Nestlé ends sponsorship contract with IAAF for fear of reputational damage
“Today’s news that Nestlé has ended its contract with the International Association of Athletics Federations (IAAF) Global Kids Athletics scheme a year early for fear of damaging its public image took my breath away. Nestlé’s Public Relations machine – a machine designed solely to cover up its own bad practices- is working overtime,” says Patti Rundall, OBE, Policy Director of Baby Milk Action IBFAN-UK.
Those who take the trouble to research this particular corporation will know its appalling record on so many issues health, water, labour relations (including child labour), environment and more. CLICK HERE IBFAN has been independently monitoring and tracking Nestlé’s baby food marketing for decades and know for sure that it poses a real and continuing threat to child health and survival. CLICK HERE
We have been especially critical of the way Nestlé targets children in schools – through nutrition education or through sports sponsorship CLICK HERE and HERE. Such sponsorship blurs the boundaries between education and marketing, subtly promoting foods high in salt sugar and fat, while projecting a healthy and responsible corporate image. This is a multi-pronged PR strategy that is designed to gain the trust of children, parents, teachers and policy makers and through it they gain commercially valuable image-transfer from well known ‘good causes.’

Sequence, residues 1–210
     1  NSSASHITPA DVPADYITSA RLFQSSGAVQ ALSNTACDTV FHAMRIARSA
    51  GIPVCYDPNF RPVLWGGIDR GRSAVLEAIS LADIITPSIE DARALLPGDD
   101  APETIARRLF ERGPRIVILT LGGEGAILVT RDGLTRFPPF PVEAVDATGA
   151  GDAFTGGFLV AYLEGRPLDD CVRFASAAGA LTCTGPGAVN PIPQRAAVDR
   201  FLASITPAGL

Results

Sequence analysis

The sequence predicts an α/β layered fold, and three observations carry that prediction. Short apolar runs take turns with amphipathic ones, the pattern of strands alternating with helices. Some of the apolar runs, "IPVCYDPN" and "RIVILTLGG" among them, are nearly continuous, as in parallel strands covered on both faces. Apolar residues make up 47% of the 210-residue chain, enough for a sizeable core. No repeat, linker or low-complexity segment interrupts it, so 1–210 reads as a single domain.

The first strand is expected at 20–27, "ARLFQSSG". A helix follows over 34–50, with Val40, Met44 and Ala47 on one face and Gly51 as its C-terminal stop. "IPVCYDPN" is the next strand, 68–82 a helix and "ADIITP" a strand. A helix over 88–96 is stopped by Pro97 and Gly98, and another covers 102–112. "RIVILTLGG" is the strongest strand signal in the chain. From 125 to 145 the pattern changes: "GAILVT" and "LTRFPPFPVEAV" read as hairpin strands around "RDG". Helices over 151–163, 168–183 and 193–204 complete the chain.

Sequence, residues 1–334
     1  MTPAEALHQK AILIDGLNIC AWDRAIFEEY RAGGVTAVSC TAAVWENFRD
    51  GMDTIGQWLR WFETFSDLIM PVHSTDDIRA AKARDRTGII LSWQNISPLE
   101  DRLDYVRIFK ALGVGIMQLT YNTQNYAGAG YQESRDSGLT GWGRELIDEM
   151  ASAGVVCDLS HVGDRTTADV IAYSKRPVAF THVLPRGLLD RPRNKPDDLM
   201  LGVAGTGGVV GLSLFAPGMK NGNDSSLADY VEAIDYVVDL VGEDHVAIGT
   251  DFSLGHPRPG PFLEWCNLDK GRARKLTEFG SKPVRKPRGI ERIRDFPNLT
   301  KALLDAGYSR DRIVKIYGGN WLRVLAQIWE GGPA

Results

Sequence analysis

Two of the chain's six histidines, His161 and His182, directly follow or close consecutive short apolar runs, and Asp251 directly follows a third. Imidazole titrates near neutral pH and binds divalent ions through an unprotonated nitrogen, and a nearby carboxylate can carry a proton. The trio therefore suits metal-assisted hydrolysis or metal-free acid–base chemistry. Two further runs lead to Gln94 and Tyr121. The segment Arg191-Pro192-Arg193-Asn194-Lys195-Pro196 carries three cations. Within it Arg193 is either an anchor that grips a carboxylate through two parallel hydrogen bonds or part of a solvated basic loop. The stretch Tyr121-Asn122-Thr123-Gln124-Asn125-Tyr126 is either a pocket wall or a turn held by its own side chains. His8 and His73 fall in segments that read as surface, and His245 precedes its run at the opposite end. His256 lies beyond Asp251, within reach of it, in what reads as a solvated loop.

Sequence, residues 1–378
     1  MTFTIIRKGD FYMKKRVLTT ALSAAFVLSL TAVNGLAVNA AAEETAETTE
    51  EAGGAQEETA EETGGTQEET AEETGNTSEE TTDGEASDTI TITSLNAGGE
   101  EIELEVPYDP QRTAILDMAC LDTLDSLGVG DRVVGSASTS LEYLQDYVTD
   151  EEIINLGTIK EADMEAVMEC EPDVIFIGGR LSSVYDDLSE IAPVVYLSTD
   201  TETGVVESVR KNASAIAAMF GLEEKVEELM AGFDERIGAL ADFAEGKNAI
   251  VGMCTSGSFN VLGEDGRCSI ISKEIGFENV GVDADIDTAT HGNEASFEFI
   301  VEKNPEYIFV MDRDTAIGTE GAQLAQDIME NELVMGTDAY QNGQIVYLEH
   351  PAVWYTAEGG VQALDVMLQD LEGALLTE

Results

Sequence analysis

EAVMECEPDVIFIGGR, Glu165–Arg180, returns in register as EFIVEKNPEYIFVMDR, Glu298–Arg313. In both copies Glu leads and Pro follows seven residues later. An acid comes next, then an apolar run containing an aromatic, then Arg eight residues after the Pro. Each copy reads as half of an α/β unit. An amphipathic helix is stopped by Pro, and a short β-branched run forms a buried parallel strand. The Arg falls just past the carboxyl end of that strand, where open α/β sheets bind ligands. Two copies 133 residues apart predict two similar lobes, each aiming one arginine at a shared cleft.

Because we know how much harm such companies do to health – bad diet is globally the biggest cause of death and disability – bigger than physical inactivity – we are always worried when we see child-focused organisations becoming dependent on food and drink companies and especially Nestlé. There must always be better ways to raise funding.
Note: When people called for an end to Nestle Pure Life sponsorship of the London Marathon, where it supplied the water, the Marathon Chief Executive said the contract still had some years to run and he could only consider changing supplier once that had finished. It seems when it suits a corporation it can walk away, but those taking the money are stuck, which shows how important it is to conduct due diligence beforehand. Nestle’s bottled water business is also controversial, particularly Pure Life, targeted particularly at developing countries. Unfortunately a new Chief Executive took over and just changed to another brand that was not so obviously Nestle when the contract was up: Buxton Water.